From principal to pastor: How a sex offender ministered
In part two of a series about former pastor Darwin Schauer, who is jailed in Hubbard County on 15 charges of criminal sexual conduct, the Enterprise outlines how he returned to serving at a church after previously being sentenced for sex crimes. The first part of the series appeared in the March 31 Enterprise.
BY Sarah Smith
Darwin Schauer reached out to the Lutheran Church - Missouri Synod's South District. He told a sympathetic minister he wanted to continue to serve the church.
The reverend helped get him accepted at Concordia in Mequon, Wis., after advising him that becoming an ordained minister was not possible with his history. Why not the lay ministry program?
Concordia Mequon's registrar said Schauer was admitted in the winter of 1989 and by summer, was able to be certified as a lay minister. Because of his previous four-year degree, Schauer had completed the two-year program in less than six months.
"A lay minister program is a separate program," explained Rev. Don Fondow, current president of the Synod's North District. "If a person enters and already may have a degree, or if they have college credits, that is applied to how many courses they have to take because it's a set certification so when you're done you don't necessarily receive a degree but you work towards certification and that's what the situation was. He would have been certified, completed the program that would allow him to be certified as a lay minister. The (Concordia) faculty basically certified and then he's available for placement in a position."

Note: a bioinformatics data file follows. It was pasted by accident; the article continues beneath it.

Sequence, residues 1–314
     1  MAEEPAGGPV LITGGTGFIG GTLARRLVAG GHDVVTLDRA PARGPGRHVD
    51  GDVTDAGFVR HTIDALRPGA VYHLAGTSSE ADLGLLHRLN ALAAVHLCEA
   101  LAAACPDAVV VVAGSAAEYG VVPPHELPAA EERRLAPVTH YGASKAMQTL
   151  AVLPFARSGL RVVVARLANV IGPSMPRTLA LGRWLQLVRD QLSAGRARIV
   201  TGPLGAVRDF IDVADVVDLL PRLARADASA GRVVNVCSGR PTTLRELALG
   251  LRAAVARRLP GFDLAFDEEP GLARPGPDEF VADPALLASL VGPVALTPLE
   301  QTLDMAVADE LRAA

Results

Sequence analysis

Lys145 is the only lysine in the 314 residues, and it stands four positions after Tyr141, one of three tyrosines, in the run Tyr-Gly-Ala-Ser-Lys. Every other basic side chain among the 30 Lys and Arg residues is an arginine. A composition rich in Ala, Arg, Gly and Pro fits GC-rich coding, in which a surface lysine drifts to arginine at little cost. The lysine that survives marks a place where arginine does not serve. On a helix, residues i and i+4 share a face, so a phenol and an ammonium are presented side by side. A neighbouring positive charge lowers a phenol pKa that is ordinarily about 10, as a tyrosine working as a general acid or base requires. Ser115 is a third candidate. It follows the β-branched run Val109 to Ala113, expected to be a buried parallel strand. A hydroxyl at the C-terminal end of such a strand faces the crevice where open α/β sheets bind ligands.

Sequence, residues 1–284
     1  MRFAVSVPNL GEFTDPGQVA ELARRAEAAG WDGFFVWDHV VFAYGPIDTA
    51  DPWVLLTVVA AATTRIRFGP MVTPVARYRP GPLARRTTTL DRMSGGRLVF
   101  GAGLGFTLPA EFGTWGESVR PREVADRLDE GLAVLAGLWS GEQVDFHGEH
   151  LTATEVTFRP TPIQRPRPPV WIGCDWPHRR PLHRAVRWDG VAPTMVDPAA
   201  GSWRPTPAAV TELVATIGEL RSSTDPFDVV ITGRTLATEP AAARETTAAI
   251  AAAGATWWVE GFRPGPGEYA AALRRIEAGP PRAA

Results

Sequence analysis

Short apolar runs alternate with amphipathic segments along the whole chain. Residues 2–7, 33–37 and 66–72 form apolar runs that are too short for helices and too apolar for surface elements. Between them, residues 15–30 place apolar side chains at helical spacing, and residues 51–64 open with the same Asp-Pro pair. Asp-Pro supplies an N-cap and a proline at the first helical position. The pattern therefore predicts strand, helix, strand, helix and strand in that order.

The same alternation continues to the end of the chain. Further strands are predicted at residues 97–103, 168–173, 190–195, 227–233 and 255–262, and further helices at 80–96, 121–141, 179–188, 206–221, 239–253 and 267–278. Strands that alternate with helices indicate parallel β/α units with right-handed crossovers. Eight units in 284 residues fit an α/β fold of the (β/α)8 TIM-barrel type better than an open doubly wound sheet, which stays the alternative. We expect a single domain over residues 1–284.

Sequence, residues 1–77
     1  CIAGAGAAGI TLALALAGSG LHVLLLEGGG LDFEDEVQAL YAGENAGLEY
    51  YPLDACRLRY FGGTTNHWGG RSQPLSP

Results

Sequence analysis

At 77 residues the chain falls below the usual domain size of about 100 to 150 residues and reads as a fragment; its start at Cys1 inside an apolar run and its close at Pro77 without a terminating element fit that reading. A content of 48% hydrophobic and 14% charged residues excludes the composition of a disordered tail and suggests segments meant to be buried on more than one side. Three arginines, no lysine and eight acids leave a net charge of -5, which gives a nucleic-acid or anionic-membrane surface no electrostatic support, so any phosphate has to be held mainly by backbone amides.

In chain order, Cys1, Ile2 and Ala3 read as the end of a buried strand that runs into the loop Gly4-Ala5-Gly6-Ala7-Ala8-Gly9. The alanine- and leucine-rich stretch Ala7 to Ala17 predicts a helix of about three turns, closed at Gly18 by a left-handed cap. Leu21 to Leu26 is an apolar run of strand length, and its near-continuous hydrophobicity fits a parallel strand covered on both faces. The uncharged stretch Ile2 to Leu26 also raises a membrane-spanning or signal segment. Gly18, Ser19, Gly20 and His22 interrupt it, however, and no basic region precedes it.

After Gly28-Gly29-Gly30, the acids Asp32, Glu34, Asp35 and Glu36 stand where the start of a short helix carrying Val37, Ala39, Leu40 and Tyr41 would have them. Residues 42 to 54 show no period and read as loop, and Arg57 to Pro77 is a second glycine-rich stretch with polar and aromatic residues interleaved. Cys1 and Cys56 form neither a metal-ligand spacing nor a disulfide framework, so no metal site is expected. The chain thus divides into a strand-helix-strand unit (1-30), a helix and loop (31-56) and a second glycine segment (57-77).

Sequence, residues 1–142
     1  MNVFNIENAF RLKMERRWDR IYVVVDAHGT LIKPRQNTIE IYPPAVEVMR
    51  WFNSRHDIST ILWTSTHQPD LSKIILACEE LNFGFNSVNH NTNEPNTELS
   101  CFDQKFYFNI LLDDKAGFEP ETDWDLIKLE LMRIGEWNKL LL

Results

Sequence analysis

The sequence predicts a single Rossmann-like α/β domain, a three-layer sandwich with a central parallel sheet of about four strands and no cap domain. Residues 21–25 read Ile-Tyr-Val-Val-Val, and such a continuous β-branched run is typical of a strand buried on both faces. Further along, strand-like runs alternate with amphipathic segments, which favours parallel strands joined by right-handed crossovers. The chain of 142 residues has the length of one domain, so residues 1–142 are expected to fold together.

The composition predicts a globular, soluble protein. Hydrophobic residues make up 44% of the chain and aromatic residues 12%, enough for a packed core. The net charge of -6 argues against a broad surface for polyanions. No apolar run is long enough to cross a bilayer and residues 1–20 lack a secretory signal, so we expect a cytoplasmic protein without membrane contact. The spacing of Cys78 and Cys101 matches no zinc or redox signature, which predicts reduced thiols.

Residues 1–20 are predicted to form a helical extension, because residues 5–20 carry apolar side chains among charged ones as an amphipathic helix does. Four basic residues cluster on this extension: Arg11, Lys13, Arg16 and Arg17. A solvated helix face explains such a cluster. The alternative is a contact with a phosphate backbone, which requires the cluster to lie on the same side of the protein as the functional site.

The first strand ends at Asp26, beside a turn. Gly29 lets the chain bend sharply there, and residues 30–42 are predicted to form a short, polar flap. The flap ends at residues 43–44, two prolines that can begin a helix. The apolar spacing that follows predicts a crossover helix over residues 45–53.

Schauer's first placement was with Immanuel Lutheran Church of Cass Lake, then Trinity Lutheran Church of Lake George, where he was commissioned as a lay minister. Initially a Blackduck pastor mentored or supervised him, allegedly aware of Schauer's criminal history. The Trinity and Immanuel parishes merged in 2000.
His congregations had no idea a sexual predator was now rendering pastoral care to them.
"When I became district president, he was already in place and so what was said if anything at that time about anything, I don't know," Fondow said, noting he came to the district in 2003.
Fondow's predecessor, now deceased, came to the region at some point to mediate a disagreement Schauer had with another pastor. Schauer and the supervisor discussed Schauer's past at that time. The synodical official had come armed with a Star Tribune article dated in 1983, which apparently had been sent to the district president. The clipping detailed the Courtland charge and sentence.
Schauer had no problem discussing his past in a frank manner. But later some colleagues wondered if he had so compartmentalized his life that he truly believed he was discussing another person, not himself.
In that time he'd remarried once or perhaps twice and divorced. The only record located indicated a default divorce without children from Elgilyn Dongon Schauer in 2003, while the couple lived in Cass Lake. Acquaintances say he is now married to his fourth spouse. He has two biological sons who are estranged from him and live in the southern part of the state, from his first marriage.